The federal government in the United States is comprised of 50 independent states, in addition to U.S. territories and protectorates. Each state will develop their policy on commerce and business. While Congress has pending bills before the house on blockchain technology research and adoption, each state will develop its own public policy, as the case with Rhode Island that issued a request for proposals “aimed at exploring the viability of blockchain technology to improve state operations,” according to Daniel Kuhn. (Coindesk).
Surprisingly, less than a third of states have initiated a state or assembly bill to implement, regulate, or to set up committees to study blockchain technology for government agencies and departments. More recently, Rhode Island has joined the crowd in seeking an RFP for blockchain technology research.
Rhode Island Seeks RFP on Blockchain
With many overseas governments adopting blockchain and the IMF promoting central banks to create its own cryptocurrency it’s no wonder that states in America are inspired by their acceptance to blockchain technology. Rhode Island’s request for proposals (RFP) is aimed at exploring the viability of blockchain technology to improve state operations, writes Daniel Kuhn, for Coindesk.
— BitcoinAgile (@bitcoinagile) June 13, 2019
Liz Tanner, who is the Director of the Department of Business Regulation, said she “believes blockchain represents the modernization of government and would enable bureaucratic efficiency in the state.” One memo following the RFP suggests that areas of blockchain application can include use case for antifraud, contracts, records, notarization, registration and licensing, and much more.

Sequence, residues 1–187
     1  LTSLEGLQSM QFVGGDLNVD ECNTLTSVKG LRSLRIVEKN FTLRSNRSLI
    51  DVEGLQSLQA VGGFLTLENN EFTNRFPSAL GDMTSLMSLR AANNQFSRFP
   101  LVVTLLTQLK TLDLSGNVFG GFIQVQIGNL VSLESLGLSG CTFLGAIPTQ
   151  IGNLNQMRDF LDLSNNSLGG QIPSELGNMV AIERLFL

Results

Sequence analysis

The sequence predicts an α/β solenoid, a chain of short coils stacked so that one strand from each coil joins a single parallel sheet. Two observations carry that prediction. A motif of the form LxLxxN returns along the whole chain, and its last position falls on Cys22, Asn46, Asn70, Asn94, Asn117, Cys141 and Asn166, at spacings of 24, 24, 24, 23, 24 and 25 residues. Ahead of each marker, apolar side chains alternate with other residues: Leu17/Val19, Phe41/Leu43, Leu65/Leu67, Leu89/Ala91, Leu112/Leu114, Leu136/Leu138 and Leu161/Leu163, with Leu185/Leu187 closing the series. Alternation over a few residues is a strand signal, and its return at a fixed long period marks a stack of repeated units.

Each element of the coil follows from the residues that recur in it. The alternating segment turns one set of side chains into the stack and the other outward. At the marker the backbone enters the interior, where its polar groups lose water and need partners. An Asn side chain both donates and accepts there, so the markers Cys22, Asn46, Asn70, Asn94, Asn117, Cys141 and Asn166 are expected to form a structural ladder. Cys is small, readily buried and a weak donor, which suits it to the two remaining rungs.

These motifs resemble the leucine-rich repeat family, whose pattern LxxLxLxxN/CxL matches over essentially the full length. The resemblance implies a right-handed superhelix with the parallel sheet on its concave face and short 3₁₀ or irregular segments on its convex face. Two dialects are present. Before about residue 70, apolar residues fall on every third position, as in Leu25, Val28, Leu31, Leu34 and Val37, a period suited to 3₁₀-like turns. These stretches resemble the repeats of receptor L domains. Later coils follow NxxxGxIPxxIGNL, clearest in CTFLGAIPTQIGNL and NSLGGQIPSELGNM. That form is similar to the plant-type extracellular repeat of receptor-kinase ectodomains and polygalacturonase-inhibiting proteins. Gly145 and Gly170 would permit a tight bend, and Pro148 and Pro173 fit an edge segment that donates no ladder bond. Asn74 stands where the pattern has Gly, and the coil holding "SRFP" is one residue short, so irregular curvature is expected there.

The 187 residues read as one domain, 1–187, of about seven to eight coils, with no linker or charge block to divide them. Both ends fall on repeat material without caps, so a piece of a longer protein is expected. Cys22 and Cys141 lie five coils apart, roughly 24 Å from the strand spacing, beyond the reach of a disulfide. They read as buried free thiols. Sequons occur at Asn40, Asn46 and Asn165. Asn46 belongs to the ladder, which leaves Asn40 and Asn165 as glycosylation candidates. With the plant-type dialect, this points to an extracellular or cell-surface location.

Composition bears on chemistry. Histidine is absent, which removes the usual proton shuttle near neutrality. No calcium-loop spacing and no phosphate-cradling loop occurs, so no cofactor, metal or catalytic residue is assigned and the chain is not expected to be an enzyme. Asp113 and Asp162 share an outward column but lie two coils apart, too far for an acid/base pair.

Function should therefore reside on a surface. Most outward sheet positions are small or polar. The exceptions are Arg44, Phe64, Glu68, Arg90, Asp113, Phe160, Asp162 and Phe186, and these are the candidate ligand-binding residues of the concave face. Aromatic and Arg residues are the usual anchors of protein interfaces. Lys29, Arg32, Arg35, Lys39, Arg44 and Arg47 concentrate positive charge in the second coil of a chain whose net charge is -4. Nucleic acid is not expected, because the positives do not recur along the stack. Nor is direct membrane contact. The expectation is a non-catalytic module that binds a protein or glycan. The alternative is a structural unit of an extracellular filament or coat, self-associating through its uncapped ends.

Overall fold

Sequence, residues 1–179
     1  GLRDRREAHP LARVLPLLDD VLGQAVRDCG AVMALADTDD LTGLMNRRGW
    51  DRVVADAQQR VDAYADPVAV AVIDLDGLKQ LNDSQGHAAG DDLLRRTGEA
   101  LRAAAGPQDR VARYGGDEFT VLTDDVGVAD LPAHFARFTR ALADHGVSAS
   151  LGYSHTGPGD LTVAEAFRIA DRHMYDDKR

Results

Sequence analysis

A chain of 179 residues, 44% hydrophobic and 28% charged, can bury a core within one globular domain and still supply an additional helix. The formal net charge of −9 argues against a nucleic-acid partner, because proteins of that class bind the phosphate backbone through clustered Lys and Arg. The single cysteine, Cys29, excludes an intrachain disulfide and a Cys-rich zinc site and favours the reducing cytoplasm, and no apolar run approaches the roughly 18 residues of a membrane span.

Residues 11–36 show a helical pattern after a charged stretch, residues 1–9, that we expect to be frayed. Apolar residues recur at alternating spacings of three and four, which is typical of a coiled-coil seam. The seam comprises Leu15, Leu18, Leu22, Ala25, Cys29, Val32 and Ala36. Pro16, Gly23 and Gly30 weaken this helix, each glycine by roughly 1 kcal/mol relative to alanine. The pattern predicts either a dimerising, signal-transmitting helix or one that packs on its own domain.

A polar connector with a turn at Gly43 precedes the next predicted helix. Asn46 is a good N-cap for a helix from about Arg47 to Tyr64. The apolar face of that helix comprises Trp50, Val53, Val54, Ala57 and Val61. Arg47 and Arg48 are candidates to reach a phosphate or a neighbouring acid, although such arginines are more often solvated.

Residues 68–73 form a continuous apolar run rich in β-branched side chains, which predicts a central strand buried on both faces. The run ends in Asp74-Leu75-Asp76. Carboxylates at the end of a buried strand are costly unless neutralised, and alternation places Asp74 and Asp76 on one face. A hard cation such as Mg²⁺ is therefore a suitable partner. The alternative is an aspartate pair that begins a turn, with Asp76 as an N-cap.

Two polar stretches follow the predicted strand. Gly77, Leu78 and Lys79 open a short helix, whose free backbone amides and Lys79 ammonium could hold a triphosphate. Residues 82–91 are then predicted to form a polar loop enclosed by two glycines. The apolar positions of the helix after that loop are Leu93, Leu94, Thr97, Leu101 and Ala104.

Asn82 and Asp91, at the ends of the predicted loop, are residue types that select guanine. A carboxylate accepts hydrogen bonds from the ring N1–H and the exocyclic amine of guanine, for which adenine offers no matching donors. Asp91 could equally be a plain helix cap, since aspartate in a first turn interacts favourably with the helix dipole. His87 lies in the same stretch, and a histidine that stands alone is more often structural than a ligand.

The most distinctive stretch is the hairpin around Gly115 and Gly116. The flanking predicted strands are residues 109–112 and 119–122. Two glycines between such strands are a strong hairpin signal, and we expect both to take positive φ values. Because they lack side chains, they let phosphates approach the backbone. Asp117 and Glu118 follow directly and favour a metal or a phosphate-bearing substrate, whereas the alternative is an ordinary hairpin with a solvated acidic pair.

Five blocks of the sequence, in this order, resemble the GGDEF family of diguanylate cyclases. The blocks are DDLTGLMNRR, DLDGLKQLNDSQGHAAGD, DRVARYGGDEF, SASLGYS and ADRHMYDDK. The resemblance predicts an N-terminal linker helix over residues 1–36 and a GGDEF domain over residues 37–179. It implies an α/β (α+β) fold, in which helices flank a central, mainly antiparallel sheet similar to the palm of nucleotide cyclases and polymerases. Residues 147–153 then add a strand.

With this announcement, Rhode Island joins 30 states in the U.S. to explore or pass a bill to research blockchain technology use case for their own state.
Blockchain Adoption by State
Heather Morton reported for the National Conference of State Legislatures with a review of all states adopting or considering state legislation at the state level.
Evolving blockchain applications for government use can include “online voting, medical records, insurance policies, property and real estate records, copyrights and licenses and supply chain tracking,” (Morton) and they can include smart contracts.
In her analysis, Morton identified 30 states (table below) that have introduced legislation relating to blockchain in 2019, of which twenty-seven1 bills and resolutions have been enacted or adopted. The following table shows blockchain bills considered by state.
As blockchain technology matures, industry has adopted the technology to meet many of its use case needs from supply chain, to smart contract, to the Internet of Things, and other use cases. Many of the same use case examples are applicable to government processes.
Now, as global governments embrace blockchain and international conferences include the IMF—blockchain’s relevancy is elevated. As a result, state governments are beginning to esteem blockchain as a viable option for records, contracts, or voting, to name a few use case examples.